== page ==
If I could, I would be there in a flash to help shop and make beds and clean guest rooms. And I am sure that there are many like me who would not hesitate to help out. Just ask.

    Take care,
    Roxanne

  4. Laurie: NO ONE who enjoys your hospitality is going to stand up and say, ‘No, Laurie, don’t make me comfortable and feed me; go hide in your office and get some work done.’ It’s not their job to look out for your book, much as the rest of us wish they would do so . . . . It IS their job to watch out for you, and respect your needs, if they’re worth the invitation they’re enjoying . . . you tell ’em what you need, and then take it, no guilt. It hurts to think of you with the overloaded flywheel, I’ve been there, but there’s nought else to push the ‘stop’ button if you don’t push it. It ain’t selfish to push it, either. Breathe, walk, respect yourself and time for yourself and your work. L.
    P.S. What would Russell say?!

  5. OK…here’s a novel (no pun intended) idea…hire someone. Or establish a fan club of “maids of honor”, who would be willing, let’s say for a signed copy of the first edition of whatever book upon which you are working, to clean, make up beds, cut the grass etc. Otherwise you sound just like I do when faced with starting and art project. Suddenly the garage MUST be cleaned.

  6. Sounds like you really needed to blow off steam. Thanks for letting us see your writing process. I find it reassuring and interesting. I look forward to the book. Really look forward to it.

    Teresa

  7. Continuing with your flywheel metaphor…

    The thing to do, as soon as you can see your way clear to do it, is shove in the clutch, skip first gear altogether in favor of a rolling start in second, then rev up the RPMs and climb the tall hill of rewriting deep in third gear.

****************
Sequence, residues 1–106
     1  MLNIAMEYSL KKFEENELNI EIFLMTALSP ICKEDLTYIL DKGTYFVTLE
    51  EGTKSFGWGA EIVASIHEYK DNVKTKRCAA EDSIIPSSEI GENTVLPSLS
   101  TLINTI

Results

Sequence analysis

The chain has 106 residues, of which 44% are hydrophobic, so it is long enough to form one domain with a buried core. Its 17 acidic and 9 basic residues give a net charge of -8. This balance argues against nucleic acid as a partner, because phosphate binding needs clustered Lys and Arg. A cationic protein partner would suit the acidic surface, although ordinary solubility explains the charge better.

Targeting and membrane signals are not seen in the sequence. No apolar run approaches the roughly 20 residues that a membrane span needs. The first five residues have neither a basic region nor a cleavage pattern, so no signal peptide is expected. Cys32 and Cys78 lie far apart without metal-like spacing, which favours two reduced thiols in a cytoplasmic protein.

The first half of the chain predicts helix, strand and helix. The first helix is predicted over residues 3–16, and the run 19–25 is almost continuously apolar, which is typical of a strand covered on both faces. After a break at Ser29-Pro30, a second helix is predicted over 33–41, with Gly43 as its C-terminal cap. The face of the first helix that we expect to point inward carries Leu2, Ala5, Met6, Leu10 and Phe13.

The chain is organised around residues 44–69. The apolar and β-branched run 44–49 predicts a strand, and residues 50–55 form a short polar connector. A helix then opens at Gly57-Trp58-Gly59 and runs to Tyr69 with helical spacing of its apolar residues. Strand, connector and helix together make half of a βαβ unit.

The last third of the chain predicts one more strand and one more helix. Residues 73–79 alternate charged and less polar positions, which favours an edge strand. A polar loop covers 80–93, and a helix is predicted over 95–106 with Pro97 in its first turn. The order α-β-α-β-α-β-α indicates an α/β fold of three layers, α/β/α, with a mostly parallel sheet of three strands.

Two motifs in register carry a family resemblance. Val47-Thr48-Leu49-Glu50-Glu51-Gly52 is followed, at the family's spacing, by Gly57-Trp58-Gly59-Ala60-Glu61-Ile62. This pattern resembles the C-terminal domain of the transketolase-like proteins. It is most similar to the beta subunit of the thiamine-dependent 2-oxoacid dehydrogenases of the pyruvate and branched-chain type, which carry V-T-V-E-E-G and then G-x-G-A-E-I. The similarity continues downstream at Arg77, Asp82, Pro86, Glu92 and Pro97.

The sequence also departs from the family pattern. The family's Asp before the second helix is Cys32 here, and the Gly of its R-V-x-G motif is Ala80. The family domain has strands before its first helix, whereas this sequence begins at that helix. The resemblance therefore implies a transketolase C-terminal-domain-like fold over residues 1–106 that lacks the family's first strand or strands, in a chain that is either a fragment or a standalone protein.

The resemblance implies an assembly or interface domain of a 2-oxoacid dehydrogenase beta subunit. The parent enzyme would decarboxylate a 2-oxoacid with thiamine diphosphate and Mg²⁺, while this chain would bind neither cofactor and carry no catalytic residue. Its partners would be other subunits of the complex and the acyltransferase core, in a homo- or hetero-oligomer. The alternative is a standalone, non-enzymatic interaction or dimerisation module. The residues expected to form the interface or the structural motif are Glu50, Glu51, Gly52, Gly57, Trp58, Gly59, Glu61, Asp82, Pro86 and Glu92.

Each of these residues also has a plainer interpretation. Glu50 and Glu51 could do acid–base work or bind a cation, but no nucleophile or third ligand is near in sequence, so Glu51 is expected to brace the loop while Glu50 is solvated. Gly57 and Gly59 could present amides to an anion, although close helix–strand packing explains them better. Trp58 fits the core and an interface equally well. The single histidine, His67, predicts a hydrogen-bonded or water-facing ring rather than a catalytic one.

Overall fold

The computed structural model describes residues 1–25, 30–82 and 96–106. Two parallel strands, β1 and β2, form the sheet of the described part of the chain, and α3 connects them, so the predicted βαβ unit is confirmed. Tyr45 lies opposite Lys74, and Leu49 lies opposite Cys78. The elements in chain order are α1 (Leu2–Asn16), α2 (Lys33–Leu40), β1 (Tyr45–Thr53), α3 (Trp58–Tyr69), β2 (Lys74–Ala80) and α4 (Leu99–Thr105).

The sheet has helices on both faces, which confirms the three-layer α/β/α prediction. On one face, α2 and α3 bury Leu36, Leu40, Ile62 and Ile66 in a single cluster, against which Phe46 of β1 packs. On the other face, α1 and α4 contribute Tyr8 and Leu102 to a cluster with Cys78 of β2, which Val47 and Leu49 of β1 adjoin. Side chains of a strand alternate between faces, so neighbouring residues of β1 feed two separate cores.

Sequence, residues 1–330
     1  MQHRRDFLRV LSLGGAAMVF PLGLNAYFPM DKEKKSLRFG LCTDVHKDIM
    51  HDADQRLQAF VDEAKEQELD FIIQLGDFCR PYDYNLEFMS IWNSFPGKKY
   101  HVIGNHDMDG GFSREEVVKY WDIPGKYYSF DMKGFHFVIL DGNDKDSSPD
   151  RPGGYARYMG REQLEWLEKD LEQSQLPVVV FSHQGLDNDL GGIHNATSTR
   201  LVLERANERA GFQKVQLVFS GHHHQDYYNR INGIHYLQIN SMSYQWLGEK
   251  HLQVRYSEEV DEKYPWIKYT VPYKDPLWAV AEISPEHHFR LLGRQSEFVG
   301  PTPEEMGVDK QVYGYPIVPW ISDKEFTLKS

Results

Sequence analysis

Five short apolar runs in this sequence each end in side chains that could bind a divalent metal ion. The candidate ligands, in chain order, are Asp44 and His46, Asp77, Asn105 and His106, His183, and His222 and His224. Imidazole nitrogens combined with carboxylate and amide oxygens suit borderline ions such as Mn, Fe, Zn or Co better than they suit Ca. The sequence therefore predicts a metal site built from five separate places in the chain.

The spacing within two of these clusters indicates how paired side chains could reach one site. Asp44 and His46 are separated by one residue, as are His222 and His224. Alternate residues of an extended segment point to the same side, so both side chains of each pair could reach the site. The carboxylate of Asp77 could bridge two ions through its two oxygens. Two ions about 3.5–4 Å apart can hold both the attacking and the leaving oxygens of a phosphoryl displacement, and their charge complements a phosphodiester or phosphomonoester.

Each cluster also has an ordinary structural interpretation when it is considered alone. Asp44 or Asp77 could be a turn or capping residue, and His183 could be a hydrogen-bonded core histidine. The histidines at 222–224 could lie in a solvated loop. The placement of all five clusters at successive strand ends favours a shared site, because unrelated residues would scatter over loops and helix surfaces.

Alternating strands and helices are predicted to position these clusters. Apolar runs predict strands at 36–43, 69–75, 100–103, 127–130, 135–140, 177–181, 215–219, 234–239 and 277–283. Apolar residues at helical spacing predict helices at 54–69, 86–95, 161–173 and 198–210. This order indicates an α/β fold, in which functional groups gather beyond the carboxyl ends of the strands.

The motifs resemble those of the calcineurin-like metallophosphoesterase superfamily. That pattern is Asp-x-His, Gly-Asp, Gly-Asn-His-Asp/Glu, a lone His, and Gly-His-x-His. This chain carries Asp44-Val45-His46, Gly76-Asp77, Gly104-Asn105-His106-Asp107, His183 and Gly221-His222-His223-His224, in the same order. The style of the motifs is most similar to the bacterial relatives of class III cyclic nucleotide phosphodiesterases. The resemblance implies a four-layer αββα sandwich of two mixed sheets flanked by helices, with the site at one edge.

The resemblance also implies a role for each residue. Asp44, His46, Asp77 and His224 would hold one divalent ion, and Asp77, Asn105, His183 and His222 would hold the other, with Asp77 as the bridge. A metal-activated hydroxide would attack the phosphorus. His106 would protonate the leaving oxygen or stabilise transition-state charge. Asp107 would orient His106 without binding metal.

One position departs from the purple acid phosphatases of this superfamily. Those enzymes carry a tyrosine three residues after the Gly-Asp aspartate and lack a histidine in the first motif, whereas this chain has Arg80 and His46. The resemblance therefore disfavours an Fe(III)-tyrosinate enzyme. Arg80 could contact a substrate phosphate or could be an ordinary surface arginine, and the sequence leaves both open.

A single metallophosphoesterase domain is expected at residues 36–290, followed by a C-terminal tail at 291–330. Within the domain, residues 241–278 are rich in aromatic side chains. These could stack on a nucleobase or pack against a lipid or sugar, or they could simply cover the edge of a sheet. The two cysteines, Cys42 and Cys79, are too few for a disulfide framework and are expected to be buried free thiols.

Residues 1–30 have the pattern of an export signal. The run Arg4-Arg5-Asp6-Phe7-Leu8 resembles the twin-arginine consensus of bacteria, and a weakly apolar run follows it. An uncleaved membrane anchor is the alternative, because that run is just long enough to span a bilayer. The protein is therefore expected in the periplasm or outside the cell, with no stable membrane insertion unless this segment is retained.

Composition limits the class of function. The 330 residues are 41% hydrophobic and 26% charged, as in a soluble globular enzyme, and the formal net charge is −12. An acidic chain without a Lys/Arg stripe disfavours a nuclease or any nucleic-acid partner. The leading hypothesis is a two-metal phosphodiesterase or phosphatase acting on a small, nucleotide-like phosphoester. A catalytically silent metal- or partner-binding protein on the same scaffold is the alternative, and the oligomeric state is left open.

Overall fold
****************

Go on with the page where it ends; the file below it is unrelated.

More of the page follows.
Hey, I can’t help it. My DH is a mechanic and the only flywheel I can visualize is the one between the engine and transmission on a car. (shrug)

    I heard this old joke again the other day and thought of you. Maybe it will give you a chuckle and break the tension for a few seconds, seeing as it has to do with bees and historians/theologians.

    Where did Noah keep his bees? In the arc-hives. (grinning, ducking, and running)

    Nikki

  8. I’m sorry the re-write is going smoothly and your mind is an engine tearing itself to pieces as real life interferes.

    If you need more time to finish your book…take it. I don’t know when your deadline is to get the final draft in, but your fans certainly won’t crucify you. I don’t know if your editor will. I know it can be difficult to pause and take time for yourself, especially when one has loved ones to look after. I’m not in any position to give advice, but sometimes at the end of the day, I do take a little time for myself. A half and hour, at most. However, I do wish you the best and I hope your husband’s health is better.

    I may add, I’ve just started a shiny new job and you are very well read and praised among many of my colleagues. Academics love you for your themes and the complexity of your writing. They all agree you really know who to write mystery and that you’re verbally savvy and very intricate at weaving your plots together without the mystery being trite or simplistic like many other works out there today. That being said, I don’t think anyone will be upset if it takes you longer to get your final draft done.